SOCIOLOGY AS A COLLEGE SUBJECT
SOCIOLOGY AS A COLLEGE SUBJECT
When I looked over the program of this meeting I chose to speak in the discussion on this question because it is the one that interests me most. I hope that in the course of the discussion we shall develop some useful suggestions in regard to it. The fact is, it seems to me, that to-day there is nothing more important for all young men to learn than some of the fundamental notions of sociology. I use the term now in the broad sense of a philosophy of society, the synthesis of the other things that we sometimes include under sociology; and it seems to me that in all the public discussion that is going on and in the matters that nowadays seem to interest people more than anything else, what they need is some sound fundamental notions that a sociologist might give them.
For instance, everybody ought to know what a society is. “Society” is a word that has a great many different uses. It is very much confused by these different uses; and at the same time a society is the fundamental thing with which sociology is concerned. The social sciences are all of them connected with particular details of social life, and if people could get an idea of what a society is, and perhaps still more exactly what it is not, it would correct and define a great number of false suggestions that nowadays perplex the public mind.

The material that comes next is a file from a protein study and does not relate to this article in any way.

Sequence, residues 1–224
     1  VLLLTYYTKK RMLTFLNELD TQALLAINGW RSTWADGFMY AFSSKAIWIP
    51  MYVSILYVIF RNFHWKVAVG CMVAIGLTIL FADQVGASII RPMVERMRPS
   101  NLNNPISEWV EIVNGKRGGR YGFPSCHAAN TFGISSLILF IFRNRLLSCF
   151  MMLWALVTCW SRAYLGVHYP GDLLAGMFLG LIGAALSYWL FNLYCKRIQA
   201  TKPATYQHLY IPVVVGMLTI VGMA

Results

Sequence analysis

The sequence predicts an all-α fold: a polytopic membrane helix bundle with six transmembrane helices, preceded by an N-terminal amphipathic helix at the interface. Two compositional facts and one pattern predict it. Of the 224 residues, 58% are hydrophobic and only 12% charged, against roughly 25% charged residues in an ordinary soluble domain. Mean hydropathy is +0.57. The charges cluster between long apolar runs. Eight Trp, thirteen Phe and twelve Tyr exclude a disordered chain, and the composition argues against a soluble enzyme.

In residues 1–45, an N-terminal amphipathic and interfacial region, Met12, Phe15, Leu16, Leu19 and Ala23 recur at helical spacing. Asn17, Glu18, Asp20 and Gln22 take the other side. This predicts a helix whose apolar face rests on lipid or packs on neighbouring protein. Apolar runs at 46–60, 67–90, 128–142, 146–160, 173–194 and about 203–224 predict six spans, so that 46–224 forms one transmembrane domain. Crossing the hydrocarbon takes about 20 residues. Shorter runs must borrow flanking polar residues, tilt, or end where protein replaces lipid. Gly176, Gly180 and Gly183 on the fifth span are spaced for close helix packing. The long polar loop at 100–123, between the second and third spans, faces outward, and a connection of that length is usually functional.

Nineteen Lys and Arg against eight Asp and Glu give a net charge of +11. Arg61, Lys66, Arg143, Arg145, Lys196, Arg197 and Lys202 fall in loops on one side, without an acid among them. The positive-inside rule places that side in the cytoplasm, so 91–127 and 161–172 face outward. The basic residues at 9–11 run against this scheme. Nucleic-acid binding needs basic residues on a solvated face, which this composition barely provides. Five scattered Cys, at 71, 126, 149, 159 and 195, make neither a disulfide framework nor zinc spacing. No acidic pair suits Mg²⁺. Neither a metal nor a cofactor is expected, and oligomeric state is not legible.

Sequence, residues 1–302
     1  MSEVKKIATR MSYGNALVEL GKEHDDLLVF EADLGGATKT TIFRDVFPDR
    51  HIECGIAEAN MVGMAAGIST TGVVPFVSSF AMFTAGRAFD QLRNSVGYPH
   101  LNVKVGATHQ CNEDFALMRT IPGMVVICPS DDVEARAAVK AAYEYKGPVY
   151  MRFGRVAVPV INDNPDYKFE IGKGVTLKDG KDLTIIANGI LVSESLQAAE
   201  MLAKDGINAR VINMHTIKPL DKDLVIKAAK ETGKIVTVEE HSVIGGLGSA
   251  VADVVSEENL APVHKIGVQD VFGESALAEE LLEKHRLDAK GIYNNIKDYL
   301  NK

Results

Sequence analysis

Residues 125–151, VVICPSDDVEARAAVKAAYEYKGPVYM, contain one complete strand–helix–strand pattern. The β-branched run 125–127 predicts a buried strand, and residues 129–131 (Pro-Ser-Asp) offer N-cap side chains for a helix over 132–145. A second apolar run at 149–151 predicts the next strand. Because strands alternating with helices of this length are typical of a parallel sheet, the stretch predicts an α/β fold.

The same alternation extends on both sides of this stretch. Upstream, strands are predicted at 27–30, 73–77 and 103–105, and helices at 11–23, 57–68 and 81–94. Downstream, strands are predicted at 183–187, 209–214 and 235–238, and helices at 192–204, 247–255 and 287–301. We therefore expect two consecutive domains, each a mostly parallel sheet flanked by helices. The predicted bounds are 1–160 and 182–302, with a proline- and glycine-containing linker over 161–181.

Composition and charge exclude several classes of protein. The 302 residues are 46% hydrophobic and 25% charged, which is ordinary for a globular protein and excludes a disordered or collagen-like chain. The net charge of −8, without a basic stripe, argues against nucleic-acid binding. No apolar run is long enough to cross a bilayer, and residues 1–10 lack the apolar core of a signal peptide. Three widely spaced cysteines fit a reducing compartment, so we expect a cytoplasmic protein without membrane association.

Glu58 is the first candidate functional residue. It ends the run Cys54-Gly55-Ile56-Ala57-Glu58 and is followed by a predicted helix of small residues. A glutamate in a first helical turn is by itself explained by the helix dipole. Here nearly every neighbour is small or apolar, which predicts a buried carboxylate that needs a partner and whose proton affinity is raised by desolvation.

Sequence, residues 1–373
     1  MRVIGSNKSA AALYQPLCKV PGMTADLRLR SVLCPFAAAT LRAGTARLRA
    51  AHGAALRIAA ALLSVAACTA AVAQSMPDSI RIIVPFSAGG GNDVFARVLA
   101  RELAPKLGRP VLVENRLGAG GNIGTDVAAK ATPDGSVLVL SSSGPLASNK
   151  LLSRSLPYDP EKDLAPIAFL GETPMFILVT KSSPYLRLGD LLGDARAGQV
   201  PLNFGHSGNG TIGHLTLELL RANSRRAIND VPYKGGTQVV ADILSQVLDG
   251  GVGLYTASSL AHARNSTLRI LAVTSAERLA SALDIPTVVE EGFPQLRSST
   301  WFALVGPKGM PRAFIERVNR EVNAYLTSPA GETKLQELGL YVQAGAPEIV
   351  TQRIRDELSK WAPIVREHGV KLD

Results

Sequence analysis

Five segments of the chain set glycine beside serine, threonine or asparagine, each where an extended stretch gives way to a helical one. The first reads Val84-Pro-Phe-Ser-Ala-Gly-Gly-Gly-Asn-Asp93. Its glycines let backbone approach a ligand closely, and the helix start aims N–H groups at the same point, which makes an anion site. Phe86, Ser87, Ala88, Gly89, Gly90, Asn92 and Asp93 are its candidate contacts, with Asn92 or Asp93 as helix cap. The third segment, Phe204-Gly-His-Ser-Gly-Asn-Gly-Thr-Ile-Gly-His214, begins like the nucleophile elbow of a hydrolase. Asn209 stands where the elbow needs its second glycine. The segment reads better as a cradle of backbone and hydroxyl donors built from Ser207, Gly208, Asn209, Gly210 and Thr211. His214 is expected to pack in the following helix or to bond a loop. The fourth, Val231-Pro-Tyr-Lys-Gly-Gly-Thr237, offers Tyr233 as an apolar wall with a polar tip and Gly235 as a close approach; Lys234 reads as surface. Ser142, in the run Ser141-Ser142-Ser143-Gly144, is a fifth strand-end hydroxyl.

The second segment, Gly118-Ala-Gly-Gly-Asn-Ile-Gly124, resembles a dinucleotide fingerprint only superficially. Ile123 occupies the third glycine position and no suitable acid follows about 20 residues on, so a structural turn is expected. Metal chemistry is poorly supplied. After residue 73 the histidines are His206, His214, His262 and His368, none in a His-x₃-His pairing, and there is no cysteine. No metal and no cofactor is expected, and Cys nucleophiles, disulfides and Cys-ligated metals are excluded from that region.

Then, again, it is most important in regard to a society that it shall be publicly understood what you can do with a society and what you cannot do with” it. People who know what a society is, and what we can do with a society by our best efforts, would know that it is great nonsense to talk about the re-organization of society as a thing that people are going to take in hand as a corrective measure, to be carried out by certain social enterprises so called. What we try to do, and what we want to try to do in class work, is to give the young men and young women (where the latter are concerned) a sound idea of some of these fundamentals, that would stop them from going over into a false line of effort and thought.